Teacher Autonomy: Part II – Curriculum & Teaching

Part II In my previous post, I argued that teacher autonomy is worth sacrificing when it comes to decisions about behaviour systems. I suggested that this is the only way true consistency can be achieved and that consistency is essential for good behaviour to flourish. This is because good behaviours are good habits, which are … Continue reading Teacher Autonomy: Part II – Curriculum & Teaching

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Writing in Science: Guest post by Hochman and Wexler

I am incredibly excited to share a guest post from the authors of The Writing Revolution themselves: Juditch C. Hochman and Natalie Wexler. They conclude the Writing in Science Symposium with a reflection on each of the contributions so far, and share their thoughts on how the ideas can be extended and applied to subjects … Continue reading Writing in Science: Guest post by Hochman and Wexler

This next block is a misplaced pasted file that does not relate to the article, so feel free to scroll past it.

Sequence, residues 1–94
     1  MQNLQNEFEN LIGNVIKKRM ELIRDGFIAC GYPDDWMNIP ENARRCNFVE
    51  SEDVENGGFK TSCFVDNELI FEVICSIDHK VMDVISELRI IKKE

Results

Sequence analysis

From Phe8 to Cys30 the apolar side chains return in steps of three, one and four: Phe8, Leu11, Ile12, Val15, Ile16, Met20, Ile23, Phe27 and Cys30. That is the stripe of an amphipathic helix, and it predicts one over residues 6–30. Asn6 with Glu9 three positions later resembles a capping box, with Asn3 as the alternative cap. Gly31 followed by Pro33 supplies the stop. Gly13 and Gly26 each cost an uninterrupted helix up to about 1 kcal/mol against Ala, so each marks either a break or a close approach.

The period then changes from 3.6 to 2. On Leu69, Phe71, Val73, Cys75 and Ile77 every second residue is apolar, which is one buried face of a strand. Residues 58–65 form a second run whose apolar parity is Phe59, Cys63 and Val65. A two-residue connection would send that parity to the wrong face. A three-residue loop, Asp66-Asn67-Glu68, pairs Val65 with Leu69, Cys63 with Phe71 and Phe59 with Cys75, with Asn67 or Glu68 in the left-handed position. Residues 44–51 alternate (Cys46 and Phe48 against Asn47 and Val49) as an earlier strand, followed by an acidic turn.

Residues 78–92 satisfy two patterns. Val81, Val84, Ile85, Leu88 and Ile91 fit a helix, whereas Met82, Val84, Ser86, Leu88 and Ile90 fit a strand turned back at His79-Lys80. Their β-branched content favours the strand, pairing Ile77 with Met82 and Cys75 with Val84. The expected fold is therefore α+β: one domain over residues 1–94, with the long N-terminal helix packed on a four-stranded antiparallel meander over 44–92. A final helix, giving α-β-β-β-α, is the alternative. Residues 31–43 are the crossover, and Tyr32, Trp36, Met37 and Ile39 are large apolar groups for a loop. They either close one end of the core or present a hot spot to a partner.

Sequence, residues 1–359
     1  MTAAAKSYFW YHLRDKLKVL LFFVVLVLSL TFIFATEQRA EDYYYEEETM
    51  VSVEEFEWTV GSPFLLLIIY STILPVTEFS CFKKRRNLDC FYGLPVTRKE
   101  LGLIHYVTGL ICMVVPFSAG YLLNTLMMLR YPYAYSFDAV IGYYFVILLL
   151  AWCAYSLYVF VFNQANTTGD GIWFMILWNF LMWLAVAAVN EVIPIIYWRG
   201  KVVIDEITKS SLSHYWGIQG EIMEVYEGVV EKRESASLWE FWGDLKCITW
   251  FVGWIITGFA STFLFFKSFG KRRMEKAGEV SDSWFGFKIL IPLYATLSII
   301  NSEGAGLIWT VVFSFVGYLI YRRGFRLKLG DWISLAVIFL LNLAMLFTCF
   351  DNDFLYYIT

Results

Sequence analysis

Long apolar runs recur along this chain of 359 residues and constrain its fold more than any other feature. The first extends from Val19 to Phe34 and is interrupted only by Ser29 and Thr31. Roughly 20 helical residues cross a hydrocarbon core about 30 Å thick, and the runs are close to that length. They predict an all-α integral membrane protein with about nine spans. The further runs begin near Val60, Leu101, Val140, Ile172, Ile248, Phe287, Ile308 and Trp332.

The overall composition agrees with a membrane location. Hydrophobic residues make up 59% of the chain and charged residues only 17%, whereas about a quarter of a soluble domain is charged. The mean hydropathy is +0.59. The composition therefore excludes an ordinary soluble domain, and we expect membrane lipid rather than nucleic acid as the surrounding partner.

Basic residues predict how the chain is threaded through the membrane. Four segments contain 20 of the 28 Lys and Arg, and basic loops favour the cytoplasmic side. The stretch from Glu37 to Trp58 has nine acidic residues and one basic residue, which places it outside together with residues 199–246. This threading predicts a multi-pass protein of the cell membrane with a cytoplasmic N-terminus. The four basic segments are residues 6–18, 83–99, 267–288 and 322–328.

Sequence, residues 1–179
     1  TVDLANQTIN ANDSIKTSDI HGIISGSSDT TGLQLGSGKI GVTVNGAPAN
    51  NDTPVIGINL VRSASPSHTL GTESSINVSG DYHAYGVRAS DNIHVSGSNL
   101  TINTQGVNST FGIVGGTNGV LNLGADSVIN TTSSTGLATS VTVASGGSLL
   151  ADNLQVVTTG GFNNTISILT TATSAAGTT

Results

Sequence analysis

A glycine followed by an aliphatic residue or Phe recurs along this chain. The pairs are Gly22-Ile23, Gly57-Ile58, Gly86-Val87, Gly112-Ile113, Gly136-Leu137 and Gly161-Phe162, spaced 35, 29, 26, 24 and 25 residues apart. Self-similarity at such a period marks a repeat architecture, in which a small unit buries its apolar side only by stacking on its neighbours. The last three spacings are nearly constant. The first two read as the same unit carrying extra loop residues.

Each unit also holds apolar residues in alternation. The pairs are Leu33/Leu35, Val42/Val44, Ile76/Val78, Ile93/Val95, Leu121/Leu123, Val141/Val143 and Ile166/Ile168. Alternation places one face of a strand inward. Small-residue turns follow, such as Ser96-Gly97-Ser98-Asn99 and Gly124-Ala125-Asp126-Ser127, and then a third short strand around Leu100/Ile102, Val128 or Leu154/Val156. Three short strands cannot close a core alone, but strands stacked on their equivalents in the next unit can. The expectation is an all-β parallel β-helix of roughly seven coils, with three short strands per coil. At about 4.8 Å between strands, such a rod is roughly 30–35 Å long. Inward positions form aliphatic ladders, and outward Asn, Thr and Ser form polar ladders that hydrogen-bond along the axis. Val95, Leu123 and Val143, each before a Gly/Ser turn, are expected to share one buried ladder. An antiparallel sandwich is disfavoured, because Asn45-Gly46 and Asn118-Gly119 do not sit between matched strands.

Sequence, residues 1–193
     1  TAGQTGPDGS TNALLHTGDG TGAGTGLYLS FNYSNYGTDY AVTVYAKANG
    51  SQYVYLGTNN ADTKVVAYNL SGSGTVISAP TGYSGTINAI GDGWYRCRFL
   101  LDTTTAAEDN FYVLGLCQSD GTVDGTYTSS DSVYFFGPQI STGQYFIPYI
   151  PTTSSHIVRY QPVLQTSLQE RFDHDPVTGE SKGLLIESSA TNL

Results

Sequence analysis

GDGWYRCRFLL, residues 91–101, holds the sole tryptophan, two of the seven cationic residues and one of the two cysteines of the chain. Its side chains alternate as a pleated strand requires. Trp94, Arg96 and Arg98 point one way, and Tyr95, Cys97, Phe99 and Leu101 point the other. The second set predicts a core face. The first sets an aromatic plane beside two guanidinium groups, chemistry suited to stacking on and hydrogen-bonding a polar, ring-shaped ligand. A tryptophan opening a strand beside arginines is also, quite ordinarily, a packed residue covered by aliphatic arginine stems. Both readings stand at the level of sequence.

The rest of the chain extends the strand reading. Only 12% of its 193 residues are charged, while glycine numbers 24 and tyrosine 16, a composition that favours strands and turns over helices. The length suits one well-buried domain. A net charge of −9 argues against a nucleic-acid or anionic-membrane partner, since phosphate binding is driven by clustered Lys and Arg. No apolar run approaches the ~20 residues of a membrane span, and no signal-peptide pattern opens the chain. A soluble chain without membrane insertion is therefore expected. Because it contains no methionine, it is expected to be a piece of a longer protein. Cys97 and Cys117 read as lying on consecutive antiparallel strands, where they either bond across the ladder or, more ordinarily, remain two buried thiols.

Teacher Autonomy: Part I – Behaviour

How valuable is teacher autonomy? It seems like a no-brainer. But like with most interesting philosophical questions, nuance makes the answer more conflicted than first meets the eye. Whilst I've seen some discussions of teacher autonomy spiral into straw-man arguments and caricatures of robots ... I hope this sparks a sensible debate. In this post … Continue reading Teacher Autonomy: Part I – Behaviour

Procedural & Declarative Knowledge: My #CogSciSci Talk

On Tuesday 29th May, the second ever #cogscisci 'Meeting of Minds' event took place. It was a thought-provoking day full of discussions about the applications of cognitive science to science learning! My talk was about how procedural knowledge should be practiced differently to declarative knowledge, using the teaching of Maths in Science as an example. This … Continue reading Procedural & Declarative Knowledge: My #CogSciSci Talk